Another perennial sonic overachiever was the Brinkmann/Vandersteen system, where Vandersteen Model 7 Mk II loudspeakers ($62,000/pair) and matching M7-HPA amplifiers ($52,000/pair) were paired with Brinkmann electronics and turntable, all mounted in an HRS rack. Turntable was the Spyder ($14,000) running a Brinkmann 12.1 tonearm ($7500) and Brinkmann EMT cartridge ($4300) and the tube-driven RoNT power supply ($4300). The phono stage was Brinkmann’s Edison ($12,990) and line stage was the Marconi ($12,990), while the rack was an HRS SRX Signature and the cables were all AudioQuest WEL series, backed up by Shunyata Typhon and Triton power products. There was also a second, Brinkmann 10.1 tonearm carrying a Lyra Kleos, but we didn’t hear that.

What we did hear was big, bold, dynamic and very, very musically engaging. Despite the system’s obvious dynamic capabilities it was also notable for the lack of artificial tonal intrusion, or any pushy, hurried quality. Instead, its relaxed, natural sense of rhythm and pace allowed music to breathe, while it also exhibited superb layering and dynamic discrimination. This system even made Diana Krall listenable and that is praise indeed! The delicacy and precise weighting of her piano notes was both intimate and convincing, bringing real authority to the musical performance. Vandersteens have figured prominently in many of our show reports over the years, with especially impressive results from a string of systems at RMAF, but I think this is the best sound I’ve heard from these speakers yet under show conditions. It made me wish I had the M7-HPA amps to go with the pair of review Model 7 Mk IIs I have at home right now.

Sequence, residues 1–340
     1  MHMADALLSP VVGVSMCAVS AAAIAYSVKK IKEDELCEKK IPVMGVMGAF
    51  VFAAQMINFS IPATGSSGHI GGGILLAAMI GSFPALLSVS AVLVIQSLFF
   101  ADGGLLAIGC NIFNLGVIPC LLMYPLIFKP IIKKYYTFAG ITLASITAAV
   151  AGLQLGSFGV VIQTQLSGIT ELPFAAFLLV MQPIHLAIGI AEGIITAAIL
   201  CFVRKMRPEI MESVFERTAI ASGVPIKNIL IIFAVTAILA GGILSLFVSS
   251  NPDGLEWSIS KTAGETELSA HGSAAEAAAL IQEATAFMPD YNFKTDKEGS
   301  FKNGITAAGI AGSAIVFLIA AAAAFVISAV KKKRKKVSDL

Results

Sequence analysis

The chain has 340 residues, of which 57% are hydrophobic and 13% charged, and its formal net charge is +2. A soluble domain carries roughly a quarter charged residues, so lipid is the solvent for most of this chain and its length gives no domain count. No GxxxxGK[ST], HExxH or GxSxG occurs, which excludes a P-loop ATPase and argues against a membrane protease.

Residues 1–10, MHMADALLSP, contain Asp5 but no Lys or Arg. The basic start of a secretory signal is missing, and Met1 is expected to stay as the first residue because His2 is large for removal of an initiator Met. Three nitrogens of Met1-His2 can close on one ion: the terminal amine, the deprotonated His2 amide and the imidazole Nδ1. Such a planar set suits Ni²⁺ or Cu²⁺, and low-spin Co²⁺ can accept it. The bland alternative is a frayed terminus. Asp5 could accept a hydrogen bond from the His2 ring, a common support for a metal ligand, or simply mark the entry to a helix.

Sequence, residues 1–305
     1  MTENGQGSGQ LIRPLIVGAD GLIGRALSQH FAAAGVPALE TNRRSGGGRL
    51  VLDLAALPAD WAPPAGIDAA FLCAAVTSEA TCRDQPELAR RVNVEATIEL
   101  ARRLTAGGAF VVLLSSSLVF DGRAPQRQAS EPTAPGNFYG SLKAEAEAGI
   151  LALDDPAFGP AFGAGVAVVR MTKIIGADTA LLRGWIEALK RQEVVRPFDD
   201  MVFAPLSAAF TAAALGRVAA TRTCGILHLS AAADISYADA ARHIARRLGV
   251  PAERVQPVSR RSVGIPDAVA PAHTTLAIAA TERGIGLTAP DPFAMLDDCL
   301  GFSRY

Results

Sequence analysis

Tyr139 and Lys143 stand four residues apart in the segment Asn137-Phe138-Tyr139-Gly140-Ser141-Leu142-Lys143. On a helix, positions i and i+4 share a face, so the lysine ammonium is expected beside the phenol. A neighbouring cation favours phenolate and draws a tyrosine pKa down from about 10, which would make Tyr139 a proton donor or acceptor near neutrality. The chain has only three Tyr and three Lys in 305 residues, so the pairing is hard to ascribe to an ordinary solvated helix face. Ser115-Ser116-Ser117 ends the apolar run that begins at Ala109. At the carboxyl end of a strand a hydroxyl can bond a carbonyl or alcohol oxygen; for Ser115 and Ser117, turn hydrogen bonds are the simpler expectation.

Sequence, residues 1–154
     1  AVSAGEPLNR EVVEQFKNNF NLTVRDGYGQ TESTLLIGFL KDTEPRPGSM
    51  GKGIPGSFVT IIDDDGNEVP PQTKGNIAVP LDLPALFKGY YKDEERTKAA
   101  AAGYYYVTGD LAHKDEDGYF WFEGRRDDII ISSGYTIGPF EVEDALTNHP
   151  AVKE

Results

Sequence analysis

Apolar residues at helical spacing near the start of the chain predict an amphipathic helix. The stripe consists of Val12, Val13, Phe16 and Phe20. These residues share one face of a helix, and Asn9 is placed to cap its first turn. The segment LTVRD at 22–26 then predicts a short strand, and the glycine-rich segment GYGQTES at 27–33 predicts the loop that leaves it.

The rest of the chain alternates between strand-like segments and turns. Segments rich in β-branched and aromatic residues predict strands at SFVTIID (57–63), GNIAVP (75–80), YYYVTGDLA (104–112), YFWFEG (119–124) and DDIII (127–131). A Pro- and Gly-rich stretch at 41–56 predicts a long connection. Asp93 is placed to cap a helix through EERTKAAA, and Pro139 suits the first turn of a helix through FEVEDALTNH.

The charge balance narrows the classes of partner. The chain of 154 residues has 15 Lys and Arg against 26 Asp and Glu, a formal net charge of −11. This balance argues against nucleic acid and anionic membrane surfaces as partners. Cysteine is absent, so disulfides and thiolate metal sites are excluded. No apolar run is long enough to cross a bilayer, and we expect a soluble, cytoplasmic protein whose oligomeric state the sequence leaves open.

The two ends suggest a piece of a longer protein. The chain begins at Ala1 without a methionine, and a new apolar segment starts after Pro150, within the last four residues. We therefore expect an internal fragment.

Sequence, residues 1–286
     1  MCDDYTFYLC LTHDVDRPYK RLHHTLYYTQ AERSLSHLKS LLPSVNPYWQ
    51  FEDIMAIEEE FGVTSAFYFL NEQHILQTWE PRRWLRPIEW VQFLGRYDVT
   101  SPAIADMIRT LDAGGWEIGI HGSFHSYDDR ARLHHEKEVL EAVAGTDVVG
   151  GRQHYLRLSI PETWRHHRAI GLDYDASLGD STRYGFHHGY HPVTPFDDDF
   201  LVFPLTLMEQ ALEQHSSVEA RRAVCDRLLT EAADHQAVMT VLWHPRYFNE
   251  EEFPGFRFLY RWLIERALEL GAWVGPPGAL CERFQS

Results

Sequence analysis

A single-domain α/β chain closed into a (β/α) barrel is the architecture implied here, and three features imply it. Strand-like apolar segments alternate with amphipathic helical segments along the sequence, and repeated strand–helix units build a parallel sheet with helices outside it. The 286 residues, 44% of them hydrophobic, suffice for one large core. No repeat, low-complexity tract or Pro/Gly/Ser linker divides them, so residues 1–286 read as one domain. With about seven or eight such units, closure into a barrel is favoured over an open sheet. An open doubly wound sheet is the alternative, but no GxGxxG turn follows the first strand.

But perhaps the most interesting thing about these three stellar systems is that they each relied on a different source format, with Brinkmann and Vandersteen running from vinyl, Tidal streaming files and Living Voice playing exclusively CD -- each with excellent results. It demonstrates two, equally pertinent truths: You can get great results from any of these formats if you try hard enough and set about doing it in the right way, but just as importantly, the decision to discard any of these formats is dangerously premature. Just as all those who dumped their records when CD arrived, marry in haste, repent at leisure!